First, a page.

Bats are hosts of a range of viruses, including ebolaviruses, and many important human viral infections, such as measles and mumps, may have their ancestry traced back to bats. Here, I review viruses of all viral families detected in global bat populations. The viral diversity in bats is substantial, and viruses with all known types of genomic structures and replication strategies have been discovered in bats. However, the discovery of viruses is not geographically even, with some apparently undersampled regions, such as South America. Furthermore, some bat families, including those with global or wide distributions such as Emballonuridae and Miniopteridae, are underrepresented on viral databases. Future studies, including those that address these sampling gaps along with those that develop our understanding of viral-host relationships, are highlighted.

  8. Peer education helps Jamaican youth choose less risky behaviors.

    PubMed

    Dadian, M J

    1996-01-01

    The "Together We Can" Peer Education Project, organized by the Jamaica Red Cross, seeks to prepare youth leaders 14-19 years of age to teach their peers the skills and knowledge they need to avoid human immunodeficiency virus (HIV) and other sexually transmitted diseases (STDs). Since the program's creation in 1993, 425 peer educators have undergone the 14-part training and, in turn, educated more than 4500 young people and reached over 100,000 youth and adults with awareness activities. The project was developed in response to a dramatic increase in STDs among Jamaican youth and a steady lowering of the age at first intercourse. Members of the Girl Guides, Boy Scouts, church groups, and police youth clubs were asked to nominate young leaders from their ranks to receive the training. HIV-positive individuals address each group of peer educators to dispel prejudices. To help them reach their audiences, peer educators are given a workbook containing interactional exercises (e.g., a board game that tests knowledge of how HIV is transmitted, a fictional newspaper column offering advice about sex and HIV, condom use demonstrations, assertiveness training role plays).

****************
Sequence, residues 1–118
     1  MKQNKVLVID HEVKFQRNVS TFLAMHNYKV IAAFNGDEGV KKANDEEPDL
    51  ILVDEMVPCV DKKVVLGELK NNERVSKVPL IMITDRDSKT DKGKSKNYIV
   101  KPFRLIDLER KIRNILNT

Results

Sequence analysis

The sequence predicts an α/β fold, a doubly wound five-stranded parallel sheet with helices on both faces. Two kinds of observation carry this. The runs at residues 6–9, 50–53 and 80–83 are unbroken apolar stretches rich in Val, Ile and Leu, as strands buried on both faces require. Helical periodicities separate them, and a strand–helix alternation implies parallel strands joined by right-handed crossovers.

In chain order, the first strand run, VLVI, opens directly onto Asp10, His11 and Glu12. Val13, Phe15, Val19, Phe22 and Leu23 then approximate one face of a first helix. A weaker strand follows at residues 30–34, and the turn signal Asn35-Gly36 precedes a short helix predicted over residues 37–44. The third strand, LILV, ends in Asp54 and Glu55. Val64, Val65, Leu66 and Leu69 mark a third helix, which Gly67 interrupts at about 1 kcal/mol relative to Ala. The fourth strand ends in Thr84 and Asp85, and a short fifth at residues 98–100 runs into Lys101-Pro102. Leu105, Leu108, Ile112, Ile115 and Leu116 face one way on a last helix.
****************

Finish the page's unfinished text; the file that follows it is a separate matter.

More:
9. House bat management

    USGS Publications Warehouse

    Greenhall, Arthur M.

    1982-01-01